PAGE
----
This is the latest article from Neil on improving your communication. If you want to create a better state of mind, way of being, lifestyle, or business, read on below:
One of my favorite NLP instructors is Mike Mandel, a world-renowned master hypnotist who has been studying and teaching this stuff for over 50 years.
A few years ago, I invited him to be the main presenter at an Intensive for my private mastermind group.
Within just a week of attending the intensive, some members went on to save thousands of dollars each in flights, hotels, and other services, just by implementing a few simple communication tools.
One of the concepts he shared really stuck with me…
I’ve since used it to improve communication in all my relationships, especially with my son, co-workers, and even with myself.
It’s all about how we process language.
To help explain: Picture your mind as a basketball.
If you placed a dime flat on top, that would represent the size of your conscious awareness.
The rest of the ball, which is 99.9% of it, is the unconscious awareness. This part is what processes and sorts the millions of bits of information available to us at any given moment.
Since the conscious mind has such small bandwidth, it has to take shortcuts, and relies on the unconscious sorting process to operate in the world.
So, when we’re listening to communication, the unconscious mind does most of the interpretation. It takes in the dialog, and plucks out the major message to form an understanding. (This, by the way, is something advertisers have been exploiting to sell us products for decades.)
As a simple example, when you tell someone, “Don’t be mad at me when I tell you this,” the main message you’re sending is: “Be mad at me.” Their mind strips away the “don’t” and takes on the rest. A more harmonious message to send is, “You may not be totally happy when you hear this.”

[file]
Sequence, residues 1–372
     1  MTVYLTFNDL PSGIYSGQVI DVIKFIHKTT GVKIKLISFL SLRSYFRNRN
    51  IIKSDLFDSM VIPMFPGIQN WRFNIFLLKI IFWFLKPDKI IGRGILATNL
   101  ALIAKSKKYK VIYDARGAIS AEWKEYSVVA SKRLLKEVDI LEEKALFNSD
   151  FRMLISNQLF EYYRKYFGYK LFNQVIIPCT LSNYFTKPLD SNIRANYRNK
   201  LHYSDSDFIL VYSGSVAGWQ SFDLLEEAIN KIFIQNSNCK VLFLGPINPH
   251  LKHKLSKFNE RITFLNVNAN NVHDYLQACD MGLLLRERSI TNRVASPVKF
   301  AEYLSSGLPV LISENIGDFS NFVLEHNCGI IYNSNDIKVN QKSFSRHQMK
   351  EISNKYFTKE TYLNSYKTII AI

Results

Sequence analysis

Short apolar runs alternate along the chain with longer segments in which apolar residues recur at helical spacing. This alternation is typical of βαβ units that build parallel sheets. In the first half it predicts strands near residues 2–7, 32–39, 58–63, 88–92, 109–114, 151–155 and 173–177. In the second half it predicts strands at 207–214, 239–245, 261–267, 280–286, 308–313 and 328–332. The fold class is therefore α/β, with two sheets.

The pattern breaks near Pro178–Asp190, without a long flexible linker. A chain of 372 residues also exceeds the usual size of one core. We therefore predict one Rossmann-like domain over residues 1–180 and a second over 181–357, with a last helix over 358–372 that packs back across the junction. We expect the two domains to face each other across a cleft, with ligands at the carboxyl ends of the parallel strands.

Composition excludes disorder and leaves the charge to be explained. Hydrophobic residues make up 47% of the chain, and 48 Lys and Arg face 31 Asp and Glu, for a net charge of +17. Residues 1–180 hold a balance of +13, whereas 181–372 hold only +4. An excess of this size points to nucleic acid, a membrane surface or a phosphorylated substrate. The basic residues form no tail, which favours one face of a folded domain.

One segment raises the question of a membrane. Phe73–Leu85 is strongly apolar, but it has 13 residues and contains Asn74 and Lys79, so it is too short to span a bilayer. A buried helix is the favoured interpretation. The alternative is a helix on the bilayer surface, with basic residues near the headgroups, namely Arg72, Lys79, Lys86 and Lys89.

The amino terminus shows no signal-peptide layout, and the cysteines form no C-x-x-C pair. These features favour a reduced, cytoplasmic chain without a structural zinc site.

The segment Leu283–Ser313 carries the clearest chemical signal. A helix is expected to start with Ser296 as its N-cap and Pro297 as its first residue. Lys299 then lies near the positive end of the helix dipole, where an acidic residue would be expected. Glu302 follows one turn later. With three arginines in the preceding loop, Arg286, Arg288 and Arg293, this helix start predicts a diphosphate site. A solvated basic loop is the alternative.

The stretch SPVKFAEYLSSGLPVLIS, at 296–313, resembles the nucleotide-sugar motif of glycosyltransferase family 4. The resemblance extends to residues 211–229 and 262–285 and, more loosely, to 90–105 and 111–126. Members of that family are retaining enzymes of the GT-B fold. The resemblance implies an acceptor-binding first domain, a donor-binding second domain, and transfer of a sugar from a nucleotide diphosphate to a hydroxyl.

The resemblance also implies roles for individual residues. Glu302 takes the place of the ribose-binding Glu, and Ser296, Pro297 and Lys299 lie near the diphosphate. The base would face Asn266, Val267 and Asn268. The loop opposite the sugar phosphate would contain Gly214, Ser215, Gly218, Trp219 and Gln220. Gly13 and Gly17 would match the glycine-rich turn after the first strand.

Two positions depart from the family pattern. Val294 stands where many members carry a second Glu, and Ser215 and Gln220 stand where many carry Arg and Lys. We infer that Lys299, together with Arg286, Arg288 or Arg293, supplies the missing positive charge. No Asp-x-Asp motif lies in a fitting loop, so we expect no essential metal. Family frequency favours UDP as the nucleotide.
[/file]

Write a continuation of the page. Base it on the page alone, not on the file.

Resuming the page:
This principle especially applies to relationships, the workplace, and other areas of potential stress.
Instead of focusing on danger and risk, and implanting negative outcomes in people’s minds…
Focus on expressing the positive aim, or the outcome you desire.
You’ll find that performance improves, tension lowers, and more desired outcomes happen.
I take this point to such a degree that instead of telling Tenn “be careful,” I say “be aware.” Awareness is a trait that will serve him well in life, whereas being overly careful of everything will not.
Now, let’s take this focus on positive outcomes one step further…
…to the questions we ask ourselves.
The rule of thumb is: We get what we focus on.
If someone doesn’t have what they want in life yet—whether it’s inner happiness or external success—they tend to ask themselves why that is, and look for explanations.
But all this does is recruit the unconscious mind to generate negative answers. And there’s no shortage of supply.
In this situation, the least helpful questions start with the word “Why,” because they don’t move us toward the target we’re aiming for.
Instead, asking questions that start with “How” is much more useful.
Because if we want to move toward any goal, such as creating a better state of mind, way of being, lifestyle, or business…
You need resources.
These resources could be in the form of positive emotions, habits, ideas, supplies, or people.
“How” questions create resources.
“Why” questions only create judgments, diagnoses, criticisms, or negativity.
So, instead of defeatedly asking “Why don’t I have enough money?” ask “How can I make more money?”
Change “Why is this happening to me?” to “How can I move past this?”
Replace “Why do I always feel crappy?” with “How can I feel better?”
This simple tweak can instantly turn your mind from your worst enemy to your greatest ally.
Let me know any great How questions you discover through this process that work well for you.